Creating the Capacity for Organizational Change: Personnel Participation and Receptivity to Change
In a climate of continuous change, Extension organizations must find ways to navigate immediate challenges while developing capacity to thrive as future challenges and opportunities arise. To find ways, personnel's participation in planning was encouraged to increase openness to change as OSU Extension created and implemented its new Strategic Plan. Findings indicate that personnel from all levels of the organization who participated in the planning process were more receptive and less pessimistic about the plan and more motivated to make the plan a success. These findings suggest participation may help personnel cope with current changes as well as build capacity for future changes.
Building Teamwork into an Integrated Extension Program: Faculty Perspectives on Area of Expertise Teams
In today's Extension environment of budget cuts and restructuring, the emphasis on building team programs has become greater than ever. We review the Area of Expertise team structure approach that was initiated at Michigan State University for Extension programming in 1994. Goals were to strengthen integration between campus and field staff, between research and Extension, and between disciplines. We provide an update on team-building within this structure and describe two faculty approaches to joining these, now ongoing, teams. Common experiences and lessons learned are highlighted to guide others in the process of joining diverse team environments in an effective way.
Extension Mentoring: Steps Leading to Greater Program Effectiveness
Mentoring is frequently used by many Extension programs as an ongoing methodology for helping new educators better understand their roles and responsibilities. This article is based upon a longitudinal mentoring study to determine value, benefit, and steps towards greater effectiveness. The population included mentors, mentees, and immediate supervisors, and the methodology is based upon focus group research conducted over an 18-month mentoring period. The results of the study reported here are focused on the areas of mentor selection, training, pairing, interaction, and recognition. Recommendations are widely applicable to other Extension programs looking to improve their mentoring programs.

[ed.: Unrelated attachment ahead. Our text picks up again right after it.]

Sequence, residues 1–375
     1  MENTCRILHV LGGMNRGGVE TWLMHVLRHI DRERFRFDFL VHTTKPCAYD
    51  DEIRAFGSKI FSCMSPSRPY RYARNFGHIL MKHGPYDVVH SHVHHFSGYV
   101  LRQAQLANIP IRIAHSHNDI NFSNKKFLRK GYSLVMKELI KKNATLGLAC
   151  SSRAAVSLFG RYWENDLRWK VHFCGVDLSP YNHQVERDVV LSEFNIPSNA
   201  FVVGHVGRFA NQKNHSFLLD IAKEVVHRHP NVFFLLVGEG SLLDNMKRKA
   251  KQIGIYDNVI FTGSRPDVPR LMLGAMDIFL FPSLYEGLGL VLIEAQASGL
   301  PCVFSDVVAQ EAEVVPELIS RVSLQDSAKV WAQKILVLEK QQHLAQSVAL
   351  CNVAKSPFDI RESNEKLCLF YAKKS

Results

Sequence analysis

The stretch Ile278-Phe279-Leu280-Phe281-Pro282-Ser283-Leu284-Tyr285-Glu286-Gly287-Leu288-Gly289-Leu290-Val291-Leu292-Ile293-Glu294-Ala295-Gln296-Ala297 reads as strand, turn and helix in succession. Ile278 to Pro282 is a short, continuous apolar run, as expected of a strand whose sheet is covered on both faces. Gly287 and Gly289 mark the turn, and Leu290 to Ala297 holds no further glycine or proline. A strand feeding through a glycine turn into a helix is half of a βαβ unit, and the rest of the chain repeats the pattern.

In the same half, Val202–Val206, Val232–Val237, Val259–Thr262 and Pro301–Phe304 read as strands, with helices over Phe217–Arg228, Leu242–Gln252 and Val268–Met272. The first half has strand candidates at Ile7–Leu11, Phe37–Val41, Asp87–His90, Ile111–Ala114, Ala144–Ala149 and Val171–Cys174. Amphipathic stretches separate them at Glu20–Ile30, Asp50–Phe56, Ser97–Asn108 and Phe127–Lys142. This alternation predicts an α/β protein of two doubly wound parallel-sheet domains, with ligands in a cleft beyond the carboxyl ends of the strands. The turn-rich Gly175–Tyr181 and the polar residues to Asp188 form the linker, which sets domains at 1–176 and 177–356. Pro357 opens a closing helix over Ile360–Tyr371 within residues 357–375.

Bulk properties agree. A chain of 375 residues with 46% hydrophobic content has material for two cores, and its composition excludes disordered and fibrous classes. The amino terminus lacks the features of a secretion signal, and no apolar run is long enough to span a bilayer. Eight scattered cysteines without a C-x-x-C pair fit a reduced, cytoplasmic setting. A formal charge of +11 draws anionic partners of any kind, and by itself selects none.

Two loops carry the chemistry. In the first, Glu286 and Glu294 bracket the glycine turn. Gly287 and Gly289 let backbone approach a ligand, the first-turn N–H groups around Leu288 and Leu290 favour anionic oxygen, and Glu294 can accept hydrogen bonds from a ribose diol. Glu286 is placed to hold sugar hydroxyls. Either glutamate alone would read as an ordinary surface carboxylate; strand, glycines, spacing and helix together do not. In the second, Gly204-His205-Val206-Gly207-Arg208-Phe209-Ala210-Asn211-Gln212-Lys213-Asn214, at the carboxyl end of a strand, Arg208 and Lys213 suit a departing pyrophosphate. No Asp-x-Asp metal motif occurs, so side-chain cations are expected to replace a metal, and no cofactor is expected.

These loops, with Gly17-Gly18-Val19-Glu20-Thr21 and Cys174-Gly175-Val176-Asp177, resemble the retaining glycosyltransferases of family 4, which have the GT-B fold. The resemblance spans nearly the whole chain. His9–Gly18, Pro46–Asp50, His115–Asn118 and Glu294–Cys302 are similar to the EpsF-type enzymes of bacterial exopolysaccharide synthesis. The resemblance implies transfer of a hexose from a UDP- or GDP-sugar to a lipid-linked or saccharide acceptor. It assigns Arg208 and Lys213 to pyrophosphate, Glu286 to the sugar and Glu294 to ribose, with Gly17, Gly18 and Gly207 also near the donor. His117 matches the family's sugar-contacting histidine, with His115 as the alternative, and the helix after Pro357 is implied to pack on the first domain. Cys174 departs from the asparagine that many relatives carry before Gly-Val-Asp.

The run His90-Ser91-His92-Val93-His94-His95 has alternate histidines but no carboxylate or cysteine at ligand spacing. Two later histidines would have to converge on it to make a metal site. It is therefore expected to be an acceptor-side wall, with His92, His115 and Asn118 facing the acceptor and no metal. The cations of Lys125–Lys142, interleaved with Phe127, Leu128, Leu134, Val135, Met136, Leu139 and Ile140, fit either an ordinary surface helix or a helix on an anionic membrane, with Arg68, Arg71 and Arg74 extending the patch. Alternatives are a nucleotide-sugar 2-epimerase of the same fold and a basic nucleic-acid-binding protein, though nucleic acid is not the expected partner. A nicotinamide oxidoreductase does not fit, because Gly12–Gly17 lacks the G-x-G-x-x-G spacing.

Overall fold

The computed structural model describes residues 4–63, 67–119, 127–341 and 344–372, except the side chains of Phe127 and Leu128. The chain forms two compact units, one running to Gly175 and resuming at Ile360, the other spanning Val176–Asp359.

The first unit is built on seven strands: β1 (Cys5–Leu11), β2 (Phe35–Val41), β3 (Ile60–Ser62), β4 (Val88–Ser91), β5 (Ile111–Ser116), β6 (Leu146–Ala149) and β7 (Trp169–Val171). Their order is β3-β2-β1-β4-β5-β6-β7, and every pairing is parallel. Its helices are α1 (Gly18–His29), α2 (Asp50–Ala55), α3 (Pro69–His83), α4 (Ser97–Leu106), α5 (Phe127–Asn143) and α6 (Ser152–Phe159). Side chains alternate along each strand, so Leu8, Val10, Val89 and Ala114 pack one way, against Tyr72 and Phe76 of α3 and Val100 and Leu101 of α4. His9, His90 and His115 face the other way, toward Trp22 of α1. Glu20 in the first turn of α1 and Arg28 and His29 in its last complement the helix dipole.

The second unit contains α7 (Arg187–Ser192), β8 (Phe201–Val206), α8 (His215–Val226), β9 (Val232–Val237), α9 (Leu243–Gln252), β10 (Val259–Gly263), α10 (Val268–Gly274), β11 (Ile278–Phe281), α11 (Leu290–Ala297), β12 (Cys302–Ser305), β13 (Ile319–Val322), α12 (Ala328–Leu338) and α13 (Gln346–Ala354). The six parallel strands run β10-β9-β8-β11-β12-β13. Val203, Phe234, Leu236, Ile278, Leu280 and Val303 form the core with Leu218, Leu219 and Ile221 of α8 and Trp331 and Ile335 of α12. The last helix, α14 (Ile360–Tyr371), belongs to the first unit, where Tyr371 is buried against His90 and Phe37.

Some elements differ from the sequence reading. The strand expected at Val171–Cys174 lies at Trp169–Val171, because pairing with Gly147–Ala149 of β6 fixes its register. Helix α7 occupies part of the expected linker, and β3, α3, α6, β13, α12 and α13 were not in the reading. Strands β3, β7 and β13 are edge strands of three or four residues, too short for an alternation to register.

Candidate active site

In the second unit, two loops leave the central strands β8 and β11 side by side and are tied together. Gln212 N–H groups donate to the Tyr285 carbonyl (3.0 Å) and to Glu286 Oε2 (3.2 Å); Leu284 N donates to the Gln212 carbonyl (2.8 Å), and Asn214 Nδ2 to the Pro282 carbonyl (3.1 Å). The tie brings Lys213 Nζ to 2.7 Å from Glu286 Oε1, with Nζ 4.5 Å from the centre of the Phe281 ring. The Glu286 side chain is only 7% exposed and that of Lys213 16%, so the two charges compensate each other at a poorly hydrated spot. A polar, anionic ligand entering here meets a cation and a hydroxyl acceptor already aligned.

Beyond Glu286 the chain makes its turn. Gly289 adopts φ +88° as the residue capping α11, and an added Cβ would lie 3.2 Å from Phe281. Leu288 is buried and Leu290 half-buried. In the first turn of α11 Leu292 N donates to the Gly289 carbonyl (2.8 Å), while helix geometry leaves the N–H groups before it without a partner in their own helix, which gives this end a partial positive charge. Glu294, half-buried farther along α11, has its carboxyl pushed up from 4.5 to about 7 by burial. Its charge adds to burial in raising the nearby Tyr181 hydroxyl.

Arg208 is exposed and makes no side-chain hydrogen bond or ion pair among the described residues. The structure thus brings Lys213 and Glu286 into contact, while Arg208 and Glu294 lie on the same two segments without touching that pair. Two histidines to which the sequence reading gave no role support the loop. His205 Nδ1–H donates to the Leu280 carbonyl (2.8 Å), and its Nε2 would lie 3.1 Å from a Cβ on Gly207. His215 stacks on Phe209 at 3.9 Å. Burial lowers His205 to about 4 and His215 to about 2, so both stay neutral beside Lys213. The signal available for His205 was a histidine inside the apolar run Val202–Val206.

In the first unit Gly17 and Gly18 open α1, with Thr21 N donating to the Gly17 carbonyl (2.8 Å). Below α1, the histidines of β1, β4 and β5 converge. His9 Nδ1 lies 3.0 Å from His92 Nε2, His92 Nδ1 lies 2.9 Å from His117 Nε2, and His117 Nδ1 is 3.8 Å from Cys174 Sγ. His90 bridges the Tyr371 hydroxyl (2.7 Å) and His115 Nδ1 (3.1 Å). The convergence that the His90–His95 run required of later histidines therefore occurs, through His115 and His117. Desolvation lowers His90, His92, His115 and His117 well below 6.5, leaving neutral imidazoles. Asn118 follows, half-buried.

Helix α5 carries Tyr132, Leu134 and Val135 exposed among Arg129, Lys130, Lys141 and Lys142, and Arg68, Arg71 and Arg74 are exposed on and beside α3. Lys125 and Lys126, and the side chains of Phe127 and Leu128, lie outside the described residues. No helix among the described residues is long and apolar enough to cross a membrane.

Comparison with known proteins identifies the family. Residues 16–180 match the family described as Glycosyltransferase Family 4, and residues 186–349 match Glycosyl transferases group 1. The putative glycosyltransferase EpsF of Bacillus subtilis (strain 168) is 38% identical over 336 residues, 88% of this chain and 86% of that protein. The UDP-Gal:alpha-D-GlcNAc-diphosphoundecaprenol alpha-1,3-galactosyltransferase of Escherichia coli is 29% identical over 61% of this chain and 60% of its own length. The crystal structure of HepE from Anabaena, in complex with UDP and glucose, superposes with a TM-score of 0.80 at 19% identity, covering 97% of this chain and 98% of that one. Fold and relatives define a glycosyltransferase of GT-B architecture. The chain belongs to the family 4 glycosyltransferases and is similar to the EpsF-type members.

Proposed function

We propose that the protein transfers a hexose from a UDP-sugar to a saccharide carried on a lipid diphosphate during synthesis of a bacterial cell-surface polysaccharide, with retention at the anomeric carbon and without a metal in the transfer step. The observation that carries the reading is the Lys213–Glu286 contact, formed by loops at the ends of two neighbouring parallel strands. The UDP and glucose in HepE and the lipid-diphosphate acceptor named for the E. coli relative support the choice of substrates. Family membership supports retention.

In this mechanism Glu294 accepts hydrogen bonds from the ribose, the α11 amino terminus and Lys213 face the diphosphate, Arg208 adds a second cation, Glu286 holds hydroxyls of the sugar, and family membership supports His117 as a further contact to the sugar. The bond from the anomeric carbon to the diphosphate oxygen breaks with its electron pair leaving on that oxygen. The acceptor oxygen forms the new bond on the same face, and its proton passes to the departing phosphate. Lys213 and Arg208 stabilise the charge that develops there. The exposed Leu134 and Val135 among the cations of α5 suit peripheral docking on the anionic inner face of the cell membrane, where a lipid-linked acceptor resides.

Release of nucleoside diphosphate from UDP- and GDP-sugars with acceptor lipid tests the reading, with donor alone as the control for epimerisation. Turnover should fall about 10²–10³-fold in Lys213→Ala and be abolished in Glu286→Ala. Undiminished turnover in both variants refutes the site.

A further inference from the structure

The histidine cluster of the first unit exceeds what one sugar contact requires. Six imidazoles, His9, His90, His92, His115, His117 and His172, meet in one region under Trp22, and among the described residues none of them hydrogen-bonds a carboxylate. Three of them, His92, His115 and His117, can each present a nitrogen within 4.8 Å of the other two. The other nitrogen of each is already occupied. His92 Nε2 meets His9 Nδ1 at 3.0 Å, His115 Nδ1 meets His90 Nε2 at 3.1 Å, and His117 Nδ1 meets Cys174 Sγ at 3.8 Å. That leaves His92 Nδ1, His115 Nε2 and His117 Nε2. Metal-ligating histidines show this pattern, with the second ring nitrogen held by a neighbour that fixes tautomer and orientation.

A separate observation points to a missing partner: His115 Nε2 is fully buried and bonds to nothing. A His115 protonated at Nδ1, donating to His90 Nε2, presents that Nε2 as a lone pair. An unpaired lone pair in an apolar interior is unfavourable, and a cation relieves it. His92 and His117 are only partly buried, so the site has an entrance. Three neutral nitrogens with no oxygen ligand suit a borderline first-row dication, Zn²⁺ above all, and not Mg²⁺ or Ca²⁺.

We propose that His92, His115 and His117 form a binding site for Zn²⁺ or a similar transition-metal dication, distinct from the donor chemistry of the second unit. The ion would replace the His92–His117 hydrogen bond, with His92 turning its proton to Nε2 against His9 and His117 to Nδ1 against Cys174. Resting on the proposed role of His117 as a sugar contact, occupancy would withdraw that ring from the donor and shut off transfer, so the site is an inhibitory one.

Latinos Safety Behaviors Related to English Literacy as Reported by Dairy Producers in Kewaunee County, Wisconsin
Safety issues related to low English literacy levels of Latinos on dairy farms are a potential concern to employers. A survey of safety behaviors was completed by 19 dairy producers who employ Latinos in Kewaunee County, Wisconsin. At least two-thirds of the respondents rated five of the 10 safety behaviors as of moderate, high, or extreme concern due to their employees' ability to read, write, speak, or understand English. At least half of the respondents reported providing assistance to employees in functional areas such as housing, law enforcement, and schools. Recommendations for dairies, Extension education, and literacy organization were determined.
Food Safety for 4-H Youth: A Survey of Interests and Educational Methods
Improper food safety practices cause numerous illnesses and cost Americans billions of dollars each year. The study reported here addressed food safety issues by analyzing data from surveys with 4-H youth about their food safety attitudes, behaviors, and preferred methods of educational delivery. Analyses of gender differences indicate that males and females have distinct attitudes, behaviors, and preferences, necessitating more tailored educational approaches. Youth are most interested in food safety information that is fun, interactive, and built around cooking demonstrations. 4-H staff and others in Extension can optimize youth learning and practice change by approaching food safety from this experiential perspective.